Eaglethorpe Buxton and the Elven Princess – Chapter 17

Chapter Seventeen: Wherein I become prisoner of the elves.

I must admit that I slept well, notwithstanding the fact that I was using a rock for my pillow, and I had no mattress but the bare ground, and I hadn’t even my own blanket to keep warm.  I slept well.  I slept well until just before dawn, when suddenly, which is to say all of a sudden and without warning, I felt the weight of several bodies fall upon me.  I struggled and threw one or two punches that found their targets, but having been attacked in my sleep and no doubt lulled into a state of drowsiness by elven magic, it was inevitable that I was overpowered.  They took me captive, which is to say they tied my hands behind my back, gagged me, and put a sack over my head.  Then they hobbled my legs with a piece of rope so that I could take only the most mincing of steps.

I heard some shouting and I thought I recognized Jholiera’s voice, but with the bag over my head it was impossible to make out what was being said.  Once I thought I heard her demand my release, but I wasn’t released.  I wasn’t sure who had attacked me, but I was relatively sure that it wasn’t goblins. Oh to be sure, goblins are thick in those parts.  But had goblins come upon a sleeping man, they would have sliced his throat rather than taken him captive.

The point of something sharp jabbed me in the back.  I didn’t know if it was a dagger or a sword or a pike or a javelin or a sharp stick, but the meaning behind it seemed clear enough to me.  I was to go in the direction opposite from the side in which I was being jabbed, which is to say the back of me, so I should go forward.  I did, but I didn’t go very fast, being hobbled as I was.  Despite the fact that it had been my captors who had hobbled me, they didn’t seem to want to take that into consideration, for they kept jabbing me to hurry me up.

It is hard to judge time when your senses are deprived, which is to say your head is in a sack.  But as I was marched along, enough light came in through the weave of the cloth that I could tell when dawn arrived and could more or less make out in which direction the sun was to be found as it move up and across the sky.  We didn’t stop to break our fast, and we didn’t stop for elevenses, and we didn’t stop for lunch.  When we didn’t stop for tea, I tried to protest by planting my feet on the ground and refusing to go on.  The only effect that my protest had was an even fiercer jab with a dagger or a sword or a pike or a javelin or a sharp stick right below my left shoulder blade—fierce enough to draw blood.  This, as you can imagine, didn’t make the walk any more fun at all.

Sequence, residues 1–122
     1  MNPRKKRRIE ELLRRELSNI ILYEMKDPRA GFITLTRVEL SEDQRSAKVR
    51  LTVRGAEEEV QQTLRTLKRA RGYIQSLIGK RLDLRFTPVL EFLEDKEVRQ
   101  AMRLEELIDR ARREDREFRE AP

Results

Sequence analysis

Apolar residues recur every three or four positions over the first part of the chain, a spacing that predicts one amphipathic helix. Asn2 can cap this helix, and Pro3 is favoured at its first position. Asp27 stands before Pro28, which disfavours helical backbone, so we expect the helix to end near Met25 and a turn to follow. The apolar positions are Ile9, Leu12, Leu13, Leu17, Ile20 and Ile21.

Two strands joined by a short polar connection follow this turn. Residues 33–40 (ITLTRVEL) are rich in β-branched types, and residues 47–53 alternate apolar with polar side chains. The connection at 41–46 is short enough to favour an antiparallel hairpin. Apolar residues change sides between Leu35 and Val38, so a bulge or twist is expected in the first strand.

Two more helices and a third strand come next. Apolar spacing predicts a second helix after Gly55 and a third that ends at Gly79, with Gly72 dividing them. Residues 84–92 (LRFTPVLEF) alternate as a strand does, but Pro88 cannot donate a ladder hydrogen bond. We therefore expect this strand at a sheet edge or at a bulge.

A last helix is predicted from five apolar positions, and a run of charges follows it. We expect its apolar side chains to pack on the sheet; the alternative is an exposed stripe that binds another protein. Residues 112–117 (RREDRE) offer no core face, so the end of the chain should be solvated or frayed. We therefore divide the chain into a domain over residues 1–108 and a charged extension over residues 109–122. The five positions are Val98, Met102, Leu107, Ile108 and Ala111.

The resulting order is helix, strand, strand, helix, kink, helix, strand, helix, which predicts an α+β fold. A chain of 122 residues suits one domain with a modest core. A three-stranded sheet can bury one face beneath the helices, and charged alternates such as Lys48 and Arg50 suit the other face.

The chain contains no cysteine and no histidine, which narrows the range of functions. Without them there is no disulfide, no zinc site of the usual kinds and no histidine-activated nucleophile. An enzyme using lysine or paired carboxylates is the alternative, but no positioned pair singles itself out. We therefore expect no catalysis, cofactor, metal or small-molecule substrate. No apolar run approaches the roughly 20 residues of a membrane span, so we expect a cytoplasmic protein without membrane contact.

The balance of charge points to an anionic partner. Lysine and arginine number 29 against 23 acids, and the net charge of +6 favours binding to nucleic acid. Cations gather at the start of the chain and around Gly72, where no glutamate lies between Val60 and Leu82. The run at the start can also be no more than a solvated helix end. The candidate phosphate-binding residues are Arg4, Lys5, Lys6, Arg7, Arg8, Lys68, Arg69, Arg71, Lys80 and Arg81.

Fortunately it was only a few more hours after that fierce jab when we arrived at our destination.  I was jerked and pulled around until they had me right where they wanted me.  Then my hood was pulled off, revealing to me three of my abductors.  They were warriors, wearing shining armor.  Their long golden hair and long pointed ears, as well as their stature, gave evidence to their obvious relation to my little half-orphan friend, who was at that moment nowhere to be found.  The warriors removed my gag and hobble but kept my hands tied.  Then they left me.

I looked around to find that I was in a small cave that had been turned into a prison with metal bars across its entrance.  From the mouth of the cave I could see nothing but trees and forest. Inside the cave there was nothing but a ratty old blanket on the rough stone ground.  You may think that it would be impossible to sleep under the circumstances, and ordinarily I might agree with you.  But as I had been awakened in the middle of the night and cruelly marched almost an entire day, I was very tired and very sore and the wound in my back was beginning to sting.  I suspected that without being cleaned it might gather an infection, especially in such a place as I now found myself in, full of noxious cave vapors.

When I woke, there was a small bowl of mush sitting just inside the bars.  It was mildly humiliating to have to eat like a dog, since my hands were still tied behind my back, but I did it.  I have learned on the few occasions that I have found myself behind bars that one should keep up one’s strength if possible. So if you are behind bars and you are given food, you should eat it.  In the jails of Theen, I was lucky when I got a maggot-filled potato.  In the prisons in Aerithraine I have eaten curds and stale bread.  Food in Lyrrian prisons are a mixed bag, depending upon which city-state you find yourself.  And woe be to him who is imprisoned in Thulla-Zor.  I was once thrown in a tomb-like cell there and had to hunt for my own food—and you don’t want to know what it was.  Imagine my surprise when I ate this bowl of mush then to find a delicious mix of unborn grains and dried fruits.  So I ate. I sat down against the wall.  I waited to see what would come.

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